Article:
The Government has no plans for any further significant intervention to tackle cost of living increases ahead of next October's Budget, Minister for Public Expenditure and Reform Michael McGrath has said.
Speaking in Cork, Minister McGrath said he accepted that the measures in the package announced yesterday, along with others announced in the Budget, would not be enough to compensate everyone for the cost of living increases that had already taken place.
But he insisted that was it, for now.
A €200 energy rebate to every household in the country is the main plank of the Government's package, which was announced yesterday. It accounts for €378 million of a total of €505 million.
The other two big ticket items are the 20% reduction in public transport fares at €54 million, and the €125 payment to the recipients of the fuel allowance, which costs €49 million.
"The Government doesn't have any plans for any significant further intervention in the area," the minister said.
"Of course, as normal, we keep all these under review. Our expectation is that the level of inflation will ease over the period ahead, and our plan is to introduce the next Budget in October of this year."
Minister McGrath also said he was signalling a willingness to negotiate with trade unions on the pay elements of a new public service agreement that would take account of rising inflation.
Speaking earlier, the minister said the Government believes it will make a "positive difference" for a very large number of people.
There are many who have an income above social welfare thresholds but are struggling, he said.
He also said there is a "safety net" within the social welfare system and people can seek additional help when they need it.
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Last year, he said, 55,000 payments were paid with an average payment of €770 in these circumstances.
Minister McGrath accepted that when the current public service pay deal was negotiated, inflation was not a significant factor, and he acknowledged that any successor to the current public service agreement, Building Momentum, would have to take account of inflation.
Taoiseach warns caution required with measures
Ireland has to be careful in not "chasing" inflation through wage increases, the Taoiseach has said.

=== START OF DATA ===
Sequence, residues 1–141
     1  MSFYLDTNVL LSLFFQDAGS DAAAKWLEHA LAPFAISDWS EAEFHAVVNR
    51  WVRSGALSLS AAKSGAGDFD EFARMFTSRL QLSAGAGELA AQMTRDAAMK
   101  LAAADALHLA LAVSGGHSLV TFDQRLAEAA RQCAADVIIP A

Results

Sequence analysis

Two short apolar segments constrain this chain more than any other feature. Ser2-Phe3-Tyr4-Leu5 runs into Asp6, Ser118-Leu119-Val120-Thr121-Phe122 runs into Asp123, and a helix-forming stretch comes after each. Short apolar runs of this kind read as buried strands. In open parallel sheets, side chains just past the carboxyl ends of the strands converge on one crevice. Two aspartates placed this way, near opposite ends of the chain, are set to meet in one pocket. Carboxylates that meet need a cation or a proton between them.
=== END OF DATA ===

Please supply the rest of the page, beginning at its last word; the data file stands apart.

Speaking in Brest, France, at the One Ocean Summit organised by President Emmanuel Macron, Micheál Martin said inflation was an international phenomenon.
He said yesterday's package "will never fully, obviously, meet the current inflationary cycle in terms of the scale of it, but it will help alleviate the pressures that are on many families".
Asked if he supported ICTU's call for wage increases for the private sector, the Taoiseach said that negotiations between trade unions and employers would continue.
"I think generally as a society, we have to be careful that we don't try and chase inflation and then end up causing more harm than good."
In the public sector, he said Minister McGrath was working with the unions and there was an agreement in place.
The National Bus and Rail Union (NBRU) has sought assurances from Government that the 20% reduction in public transport prices will not have an impact on workers' pay.
NBRU General Secretary Dermot O'Leary said: "We don't know where that money is coming from ... The fundamental issue for us here is staff certainly will not be paying or plugging the gap on this one."
Co-leader of the Social Democrats Róisín Shortall rejected the Government's assertion that the bulk of the measures announced yesterday to address the rising cost of living are targeted.
"That is patently not true. Out of €505 million in total, €378 million is going in an untargeted measure and that is the electricity rebate. That is a very blunt instrument. It is not targeted at all towards people who absolutely need it and are in dire straits."
She said a lot of the money will be given to people who "won't even notice it going into their account" and people who have holiday homes.
"We know there is about 62,000 holiday homes, and the total cost of giving that energy rebate to people in holiday homes is €12.5 million. That is a substantial amount of money that is going to people who, I would argue strongly, don't need it."
Minister for Finance Paschal Donohoe last night defended the measures and the logic of the strategy was to get financial assistance to householders as quickly as possible.
However, Sinn Féin's Pearse Doherty has derided the Coalition's approach, claiming it only scratched the surface of a problem which is affecting more and more people.
Speaking on RTÉ's Prime Time, Minister Donohoe said that in adopting this universal payment strategy for the energy rebate, the Government's assessment was that speed was of the essence.
He contended targeting supports at people who most need them would have meant many months of work, and financial assistance not being available until later this year.
Mr Doherty countered that the Government should have acted earlier to deal with the rising costs of living.
He called for a payment of €200 to those earning less than €30,000, arguing lower income households spend more on heating and lighting their homes.
Additional reporting Paul Cunningham